A Generation of Immediate Gratification
Finding good data in a world of instant responses
Posted January 12, 2010
Well here we are in 2010. Wow, how exciting is that! Now, my readers need to understand that I am of the age when telephones were still rotary, there was no internet, no blackberries, facebook, or twittering. While these things are very exciting, they also come with concerns.
Young people are living in a world that is smaller and literally filled with instant responses. There certainly are great benefits to this, but there are also some serious risks. For example, we may be raising young people who don't develop the ability to delay immediate gratification. Does this mean that if they are in a depressed mood or a bit anxious they don't possess the ability to tolerate it and instead turn to a drink or a drug? Does this mean that when they need correct information they turn to misinformed websites for answers?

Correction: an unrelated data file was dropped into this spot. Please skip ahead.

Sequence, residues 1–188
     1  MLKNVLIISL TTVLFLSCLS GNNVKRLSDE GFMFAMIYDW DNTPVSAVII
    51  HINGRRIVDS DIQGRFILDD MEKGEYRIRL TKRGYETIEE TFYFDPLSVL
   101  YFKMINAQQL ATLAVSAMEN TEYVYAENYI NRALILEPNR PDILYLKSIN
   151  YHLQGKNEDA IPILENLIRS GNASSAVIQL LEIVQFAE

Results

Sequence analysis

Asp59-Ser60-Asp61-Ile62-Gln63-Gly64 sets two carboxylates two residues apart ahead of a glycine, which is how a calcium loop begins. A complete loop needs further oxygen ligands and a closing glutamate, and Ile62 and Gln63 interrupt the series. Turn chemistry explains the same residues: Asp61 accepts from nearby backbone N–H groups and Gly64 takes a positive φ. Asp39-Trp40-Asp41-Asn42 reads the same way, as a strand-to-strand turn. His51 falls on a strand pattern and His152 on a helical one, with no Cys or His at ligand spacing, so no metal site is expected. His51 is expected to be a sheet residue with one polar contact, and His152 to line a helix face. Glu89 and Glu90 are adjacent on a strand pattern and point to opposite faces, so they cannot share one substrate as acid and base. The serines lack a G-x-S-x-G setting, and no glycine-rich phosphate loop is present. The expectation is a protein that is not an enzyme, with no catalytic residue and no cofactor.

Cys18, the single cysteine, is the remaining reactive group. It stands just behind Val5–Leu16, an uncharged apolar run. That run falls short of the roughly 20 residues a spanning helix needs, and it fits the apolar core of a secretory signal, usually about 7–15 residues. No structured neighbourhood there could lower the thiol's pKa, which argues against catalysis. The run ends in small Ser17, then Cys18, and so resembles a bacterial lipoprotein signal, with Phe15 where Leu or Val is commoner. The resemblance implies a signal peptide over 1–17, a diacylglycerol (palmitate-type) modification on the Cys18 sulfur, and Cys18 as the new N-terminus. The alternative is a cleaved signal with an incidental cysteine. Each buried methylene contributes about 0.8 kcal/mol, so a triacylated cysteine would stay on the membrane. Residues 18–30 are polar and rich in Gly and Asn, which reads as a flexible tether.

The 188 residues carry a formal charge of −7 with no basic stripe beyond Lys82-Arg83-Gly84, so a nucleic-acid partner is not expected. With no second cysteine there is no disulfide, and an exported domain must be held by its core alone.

Perhaps there is a simple solution. Let's encourage teens and young adults to turn to appropriate experts and valid sources of data on the internet - especially when it comes to substance abuse. They need to understand that there is dangerous information online that can mask the truth out of ignorance or for self-serving reasons.
Social media and the internet can be powerful tools for raising awareness, educating and communicating. But we must make sure that our youth are dealing with accurate information. Parents must continue to learn about all the great websites that provide accurate information in engaging ways that can help our wonderful children to grow.
Here are a few I'd recommend getting acquainted with:
Partnership For a Drug Free America
National Institute on Drug Abuse
Office of National Drug Control Policy
Caron Signs & Symptoms Page